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Common Carotid Artery Cannulation: A Potential Alternative Site for Establishing CPB in Special Situations
For establishing regular cardiopulmonary bypass, the ascending aorta is obviously the standard site of arterial cannulation, ensuring adequate blood supply to the whole body. However, when the aortic arch has to be replaced, finding a suitable arterial cannulation site becomes more challenging.
The femoral artery is an answer to this situation, and for a long period of time its cannulation was established as a routine practice. However, in a small number of patients, particularly those with aortic dissection, fatal complications like atheroembolism, malperfusion, ischemic complications, and even aortic rupture have been encountered. Moreover, total circulatory arrest is usually necessary during surgical correction involving the distal ascending aorta and the arch of the aorta. Unfortunately, systemic hypothermia and external cranial cooling alone cannot ensure adequate cerebral protection. Cerebral perfusion, preferably antegrade flow, along with hypothermia is a well-accepted and practiced technique, but requires some time to set up, mandating an interruption of cerebral blood flow. Therefore, identifying a suitable alternative site that can provide antegrade blood flow to the whole body, as well as maintaining cerebral perfusion, even at the time of arch exclusion or repair, is necessary.
Right axillary artery cannulation is practiced, but the procedure is time-consuming, with an increased risk of injury to neighboring structures, and it has limited efficiency of perfusion due to the artery’s narrow caliber. Use of the brachiocephalic artery ensures better perfusion, but has the risk of being involved in the arch pathology, which makes it prone to malperfusion and embolization.
In contrast, the common carotid artery is a potential alternative. It can be approached easily with a minimum risk of collateral injury due to its superficial anatomical location, and it is bilaterally available. It can provide antegrade blood flow to the entire body, and can also maintain cerebral perfusion during circulatory arrest without any interruption.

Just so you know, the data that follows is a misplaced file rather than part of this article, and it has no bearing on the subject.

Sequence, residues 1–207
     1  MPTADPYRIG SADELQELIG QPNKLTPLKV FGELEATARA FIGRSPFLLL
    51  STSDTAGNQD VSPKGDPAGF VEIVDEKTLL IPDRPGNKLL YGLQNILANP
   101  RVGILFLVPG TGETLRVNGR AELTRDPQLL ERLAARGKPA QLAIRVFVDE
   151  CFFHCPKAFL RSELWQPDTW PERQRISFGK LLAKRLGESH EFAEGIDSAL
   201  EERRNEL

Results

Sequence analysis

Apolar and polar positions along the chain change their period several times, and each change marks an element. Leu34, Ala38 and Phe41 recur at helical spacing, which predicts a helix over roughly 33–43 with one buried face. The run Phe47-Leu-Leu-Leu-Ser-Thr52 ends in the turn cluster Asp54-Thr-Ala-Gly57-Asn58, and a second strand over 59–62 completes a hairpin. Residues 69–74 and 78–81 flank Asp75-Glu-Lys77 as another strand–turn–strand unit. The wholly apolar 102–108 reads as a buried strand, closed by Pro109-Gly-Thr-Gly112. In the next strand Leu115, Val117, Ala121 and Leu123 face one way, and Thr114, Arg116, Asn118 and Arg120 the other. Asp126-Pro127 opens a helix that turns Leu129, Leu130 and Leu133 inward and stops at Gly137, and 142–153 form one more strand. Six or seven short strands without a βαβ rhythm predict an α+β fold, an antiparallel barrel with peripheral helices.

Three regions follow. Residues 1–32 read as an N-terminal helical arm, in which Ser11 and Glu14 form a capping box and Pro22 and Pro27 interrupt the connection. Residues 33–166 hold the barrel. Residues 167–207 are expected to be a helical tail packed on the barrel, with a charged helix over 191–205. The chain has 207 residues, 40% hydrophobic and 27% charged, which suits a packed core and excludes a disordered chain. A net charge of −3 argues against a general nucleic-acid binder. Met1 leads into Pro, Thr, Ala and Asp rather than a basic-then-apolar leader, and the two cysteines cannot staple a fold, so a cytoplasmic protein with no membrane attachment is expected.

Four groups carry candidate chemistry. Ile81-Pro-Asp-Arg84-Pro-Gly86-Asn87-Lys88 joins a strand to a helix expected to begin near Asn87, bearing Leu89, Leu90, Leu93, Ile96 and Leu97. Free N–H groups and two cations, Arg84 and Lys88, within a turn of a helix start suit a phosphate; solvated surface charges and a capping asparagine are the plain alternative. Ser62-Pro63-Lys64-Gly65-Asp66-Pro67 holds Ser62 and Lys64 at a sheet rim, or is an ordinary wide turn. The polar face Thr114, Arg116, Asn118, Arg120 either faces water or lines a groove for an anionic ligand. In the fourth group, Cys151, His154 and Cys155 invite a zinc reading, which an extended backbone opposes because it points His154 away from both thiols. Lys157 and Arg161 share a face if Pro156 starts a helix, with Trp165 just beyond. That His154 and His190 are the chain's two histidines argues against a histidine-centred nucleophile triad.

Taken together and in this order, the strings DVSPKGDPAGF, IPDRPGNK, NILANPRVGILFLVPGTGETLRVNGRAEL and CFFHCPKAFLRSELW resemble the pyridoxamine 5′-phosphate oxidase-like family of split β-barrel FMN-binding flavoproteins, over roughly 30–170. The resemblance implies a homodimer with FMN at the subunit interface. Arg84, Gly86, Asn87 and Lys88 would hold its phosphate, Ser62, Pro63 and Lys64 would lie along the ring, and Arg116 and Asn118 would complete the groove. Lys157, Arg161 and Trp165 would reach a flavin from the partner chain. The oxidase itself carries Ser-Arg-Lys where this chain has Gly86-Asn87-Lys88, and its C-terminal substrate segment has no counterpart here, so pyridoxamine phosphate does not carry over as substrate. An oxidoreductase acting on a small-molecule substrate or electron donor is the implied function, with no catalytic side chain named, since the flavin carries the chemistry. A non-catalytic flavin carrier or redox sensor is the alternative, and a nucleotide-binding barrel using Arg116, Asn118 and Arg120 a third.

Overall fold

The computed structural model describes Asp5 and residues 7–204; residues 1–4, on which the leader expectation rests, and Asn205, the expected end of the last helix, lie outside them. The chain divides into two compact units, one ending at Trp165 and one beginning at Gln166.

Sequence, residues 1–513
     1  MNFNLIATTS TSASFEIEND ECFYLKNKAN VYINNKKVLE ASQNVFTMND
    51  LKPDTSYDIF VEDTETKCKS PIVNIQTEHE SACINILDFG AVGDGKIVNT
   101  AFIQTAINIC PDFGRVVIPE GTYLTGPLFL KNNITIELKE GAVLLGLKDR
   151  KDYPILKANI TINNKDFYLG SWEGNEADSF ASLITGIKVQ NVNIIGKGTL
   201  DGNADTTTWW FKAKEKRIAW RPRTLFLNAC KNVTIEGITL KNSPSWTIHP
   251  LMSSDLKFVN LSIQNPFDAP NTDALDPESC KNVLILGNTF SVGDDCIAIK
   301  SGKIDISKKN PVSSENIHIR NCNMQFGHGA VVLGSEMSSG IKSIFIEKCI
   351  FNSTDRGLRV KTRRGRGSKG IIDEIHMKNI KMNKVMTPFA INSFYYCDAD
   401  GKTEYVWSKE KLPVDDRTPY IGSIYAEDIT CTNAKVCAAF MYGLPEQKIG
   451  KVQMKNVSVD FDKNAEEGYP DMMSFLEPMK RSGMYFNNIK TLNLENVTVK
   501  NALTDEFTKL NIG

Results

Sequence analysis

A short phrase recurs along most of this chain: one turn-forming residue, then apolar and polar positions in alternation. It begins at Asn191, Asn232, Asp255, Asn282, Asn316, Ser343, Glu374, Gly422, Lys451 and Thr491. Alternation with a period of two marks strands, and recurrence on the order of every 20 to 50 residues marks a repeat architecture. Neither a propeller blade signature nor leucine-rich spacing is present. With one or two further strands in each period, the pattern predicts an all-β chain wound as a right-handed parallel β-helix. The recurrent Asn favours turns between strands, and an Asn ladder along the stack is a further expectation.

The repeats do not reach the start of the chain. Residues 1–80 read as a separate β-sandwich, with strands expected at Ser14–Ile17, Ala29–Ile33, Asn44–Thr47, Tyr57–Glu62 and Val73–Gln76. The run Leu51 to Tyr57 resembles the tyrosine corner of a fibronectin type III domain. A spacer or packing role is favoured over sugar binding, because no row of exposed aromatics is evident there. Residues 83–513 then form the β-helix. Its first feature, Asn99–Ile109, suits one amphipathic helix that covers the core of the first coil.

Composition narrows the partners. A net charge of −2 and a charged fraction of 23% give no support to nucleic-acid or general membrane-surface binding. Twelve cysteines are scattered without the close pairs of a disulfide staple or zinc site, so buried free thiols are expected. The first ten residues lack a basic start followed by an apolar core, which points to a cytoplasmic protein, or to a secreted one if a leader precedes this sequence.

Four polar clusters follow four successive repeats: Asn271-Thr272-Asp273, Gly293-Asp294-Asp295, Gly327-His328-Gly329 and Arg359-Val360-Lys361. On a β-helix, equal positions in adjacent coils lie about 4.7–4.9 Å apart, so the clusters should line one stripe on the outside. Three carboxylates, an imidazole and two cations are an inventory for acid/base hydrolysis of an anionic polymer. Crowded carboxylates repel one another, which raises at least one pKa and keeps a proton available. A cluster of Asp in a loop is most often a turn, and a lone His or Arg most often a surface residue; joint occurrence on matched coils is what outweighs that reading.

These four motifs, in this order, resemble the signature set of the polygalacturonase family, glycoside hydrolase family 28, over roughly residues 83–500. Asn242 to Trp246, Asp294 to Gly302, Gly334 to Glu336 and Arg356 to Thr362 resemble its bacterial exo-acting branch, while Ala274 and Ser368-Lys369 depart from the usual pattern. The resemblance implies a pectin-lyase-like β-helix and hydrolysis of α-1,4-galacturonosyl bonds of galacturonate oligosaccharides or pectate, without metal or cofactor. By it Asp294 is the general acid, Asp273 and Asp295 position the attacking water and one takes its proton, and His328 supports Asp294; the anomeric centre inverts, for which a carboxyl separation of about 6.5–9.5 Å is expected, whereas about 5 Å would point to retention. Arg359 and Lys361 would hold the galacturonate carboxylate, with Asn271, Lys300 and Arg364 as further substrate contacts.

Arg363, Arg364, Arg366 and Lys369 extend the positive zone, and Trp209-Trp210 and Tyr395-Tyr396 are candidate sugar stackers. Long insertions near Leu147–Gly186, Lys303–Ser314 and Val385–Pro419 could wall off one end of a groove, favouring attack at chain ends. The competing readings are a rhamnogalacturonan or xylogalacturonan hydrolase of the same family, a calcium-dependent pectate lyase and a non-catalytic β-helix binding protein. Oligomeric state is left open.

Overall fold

In this video, the authors demonstrate the procedure of cannulation of the right common carotid artery. The patient was a 17-year-old girl with a history of ventricular septal defect closure and patent ductus arteriosus ligation done 10 years previously. She presented with acute type A aortic dissection. Her right subclavian and right common carotid artery both were directly originating from the arch of the aorta. The right common carotid artery was the ideal option for arterial cannulation.
A 4 cm skin incision was made in the neck, along the medial border of the sternocleidomastoid muscle and 2 cm above its sternal insertion, extending toward the ear lobe. A self-retaining retractor was applied, the platysma muscle was dissected, and the right jugular vein was exposed just below the muscle. The vagus nerve was easily identified between the common carotid artery and the jugular vein. The right common carotid artery was dissected, and a vascular loop was passed around it. A side-biting clamp was placed, and an arteriotomy was created. A 10 mm vascular prosthesis was anastomosed end-to-side to the artery with a continuous 5.0 Prolene suture. The other end of the vascular prosthesis was tied to a connector and then attached to the arterial perfusion line. Venous cannulation was accomplished through the femoral vein.